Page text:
This is a pet peeve of mine. It can often be a challenge to find some part of the airport seating area that doesn't blast CNN in your ear. Am I the only one who reads anymore?

Posted by: CyndiF on April 13, 2006 12:57 PM

Don't get me started on that! I quit my fitness gym because I got so sick of 6 tvs relentlessly blaring Fox News (sorry Donald). Oh, for a world in which silence is treasured and practiced!

Posted by: citrus on April 13, 2006 1:10 PM

Are there people who are so unable to stand quietly during an elevator ride that they simply must be supplied with electronic distraction?

Perhaps not, but there are most certainly advertisers who recognize an elevator as another space in which You Cannot Run from their content as they pump it at you.

These screens have been in the elevators of downtown Los Angeles highrises for at least five years now. Here, at least, they are generally silent visual-only phenomena. If/when they add sound, I shudder to imagine how high the volume will need to be set so that it will penetrate the earpieces of passengers' iPods....

Posted by: George Wallace on April 13, 2006 1:13 PM

Donald -- If the tubes were tuned to the Food Network or History International I'd probably be less irked. I wonder how others would react, though.

CyndiF -- CNN overload, eh? Who needs that much news? And reading? Reading? What's with that?

Citrus -- I'm forever going to war at the gym about the damn TVs. I'd rather they just be removed. But if they're going to be there, can't they at least A) be quiet, and B) be tuned to a number of different channels? It's all news or sports. But the combo of TVs and bad pop music has got me thinking seriously about whether to let the membership lapse. Have you tried boutique "exercise studios," btw? I just discovered these a couple of years ago, and like them a lot. Small, quiet, usually oriented towards Pilates, yoga, Gyrotonics, etc. Very pleasant. Also usually a little more expensive than a gym. But I find that "pleasant to visit and use" equals "I get a lot more actual exercising done." So maybe it's worth the extra bucks. How are you getting your physical activity these days?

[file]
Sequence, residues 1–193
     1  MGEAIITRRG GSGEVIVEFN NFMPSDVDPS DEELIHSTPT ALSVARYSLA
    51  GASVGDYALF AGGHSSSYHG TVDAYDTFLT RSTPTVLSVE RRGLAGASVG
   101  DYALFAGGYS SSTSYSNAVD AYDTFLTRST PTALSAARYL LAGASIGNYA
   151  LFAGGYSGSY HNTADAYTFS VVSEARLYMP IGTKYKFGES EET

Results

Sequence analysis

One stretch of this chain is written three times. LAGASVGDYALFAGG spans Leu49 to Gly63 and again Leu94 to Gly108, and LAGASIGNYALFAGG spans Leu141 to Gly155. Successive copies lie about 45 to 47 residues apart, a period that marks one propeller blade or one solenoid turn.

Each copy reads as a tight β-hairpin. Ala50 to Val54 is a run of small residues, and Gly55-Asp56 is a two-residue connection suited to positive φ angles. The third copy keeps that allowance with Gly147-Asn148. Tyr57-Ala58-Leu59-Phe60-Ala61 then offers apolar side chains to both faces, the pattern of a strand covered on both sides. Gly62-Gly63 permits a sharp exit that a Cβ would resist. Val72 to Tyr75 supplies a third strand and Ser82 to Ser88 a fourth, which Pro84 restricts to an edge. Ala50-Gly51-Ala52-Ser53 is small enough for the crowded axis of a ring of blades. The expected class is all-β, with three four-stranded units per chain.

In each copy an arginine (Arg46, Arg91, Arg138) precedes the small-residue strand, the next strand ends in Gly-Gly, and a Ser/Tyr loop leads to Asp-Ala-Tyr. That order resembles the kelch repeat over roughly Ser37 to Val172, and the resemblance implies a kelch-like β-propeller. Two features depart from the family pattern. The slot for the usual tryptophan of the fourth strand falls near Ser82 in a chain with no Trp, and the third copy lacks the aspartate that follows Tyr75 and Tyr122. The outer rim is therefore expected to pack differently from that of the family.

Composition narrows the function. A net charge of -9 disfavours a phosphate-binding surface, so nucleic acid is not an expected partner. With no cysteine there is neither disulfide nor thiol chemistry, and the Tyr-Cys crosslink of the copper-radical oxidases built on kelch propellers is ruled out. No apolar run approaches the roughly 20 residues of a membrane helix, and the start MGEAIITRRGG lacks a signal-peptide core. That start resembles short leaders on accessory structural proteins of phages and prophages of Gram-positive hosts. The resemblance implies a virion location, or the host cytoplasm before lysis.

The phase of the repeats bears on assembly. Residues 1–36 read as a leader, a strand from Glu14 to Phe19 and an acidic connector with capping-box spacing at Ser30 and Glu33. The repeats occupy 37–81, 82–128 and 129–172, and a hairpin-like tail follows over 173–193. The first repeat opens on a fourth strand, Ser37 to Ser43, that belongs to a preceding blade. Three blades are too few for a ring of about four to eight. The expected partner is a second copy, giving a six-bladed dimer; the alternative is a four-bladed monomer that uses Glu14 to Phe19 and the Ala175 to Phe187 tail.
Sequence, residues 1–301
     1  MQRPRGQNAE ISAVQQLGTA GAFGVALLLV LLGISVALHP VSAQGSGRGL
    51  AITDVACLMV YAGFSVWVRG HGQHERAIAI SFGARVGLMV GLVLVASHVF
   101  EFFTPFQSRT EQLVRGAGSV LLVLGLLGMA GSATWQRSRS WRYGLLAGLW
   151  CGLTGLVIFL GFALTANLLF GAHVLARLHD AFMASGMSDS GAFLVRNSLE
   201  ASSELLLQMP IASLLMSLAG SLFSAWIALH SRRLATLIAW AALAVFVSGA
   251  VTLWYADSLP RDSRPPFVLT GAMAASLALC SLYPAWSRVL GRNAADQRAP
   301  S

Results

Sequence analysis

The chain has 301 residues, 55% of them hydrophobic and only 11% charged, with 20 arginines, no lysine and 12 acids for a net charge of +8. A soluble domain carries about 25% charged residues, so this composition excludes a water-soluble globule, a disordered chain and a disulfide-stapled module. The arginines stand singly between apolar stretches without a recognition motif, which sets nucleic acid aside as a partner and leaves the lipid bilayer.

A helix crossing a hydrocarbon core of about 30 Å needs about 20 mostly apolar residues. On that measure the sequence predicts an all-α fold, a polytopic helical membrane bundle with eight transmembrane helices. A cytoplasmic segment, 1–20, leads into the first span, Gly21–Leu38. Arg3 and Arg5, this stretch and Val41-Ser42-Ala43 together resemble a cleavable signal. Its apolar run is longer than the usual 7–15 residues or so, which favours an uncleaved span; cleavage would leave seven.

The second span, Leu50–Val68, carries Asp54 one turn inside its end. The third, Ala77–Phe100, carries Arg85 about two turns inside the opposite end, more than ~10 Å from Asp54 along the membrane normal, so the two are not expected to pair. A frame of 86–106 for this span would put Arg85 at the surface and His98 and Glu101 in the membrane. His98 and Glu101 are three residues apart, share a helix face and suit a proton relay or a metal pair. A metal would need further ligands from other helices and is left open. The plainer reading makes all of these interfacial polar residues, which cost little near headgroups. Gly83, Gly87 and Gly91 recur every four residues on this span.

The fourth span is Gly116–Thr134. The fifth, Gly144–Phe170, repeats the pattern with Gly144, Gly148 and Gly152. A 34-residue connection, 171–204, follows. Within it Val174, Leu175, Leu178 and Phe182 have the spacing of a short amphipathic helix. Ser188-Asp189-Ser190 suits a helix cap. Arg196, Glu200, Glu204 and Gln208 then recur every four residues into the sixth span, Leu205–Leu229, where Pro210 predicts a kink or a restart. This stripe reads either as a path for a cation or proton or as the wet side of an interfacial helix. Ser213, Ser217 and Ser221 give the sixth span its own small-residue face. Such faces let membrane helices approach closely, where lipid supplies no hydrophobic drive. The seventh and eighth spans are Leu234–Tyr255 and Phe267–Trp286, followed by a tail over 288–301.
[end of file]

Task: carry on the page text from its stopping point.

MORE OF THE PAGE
George -- That's a funny and apt way of describing the phenom. Scary, the idea of all those LA elevators filled with video. I wonder if young people are growing up assuming that video will be everywhere, always.

Posted by: Michael Blowhard on April 13, 2006 1:19 PM

Shades of 1984! If you've read this book, this will come as no surprise. Big Brother was always on the air...

Posted by: Charlton Griffin on April 13, 2006 1:59 PM

The TV show Max Headroom was prophetic.

Posted by: Yahmdallah on April 13, 2006 2:24 PM

We're beginning to inhabit a "1984"-meets-"Max Headroom" (meets "Brazil") universe. Scary.

Posted by: Michael Blowhard on April 13, 2006 2:38 PM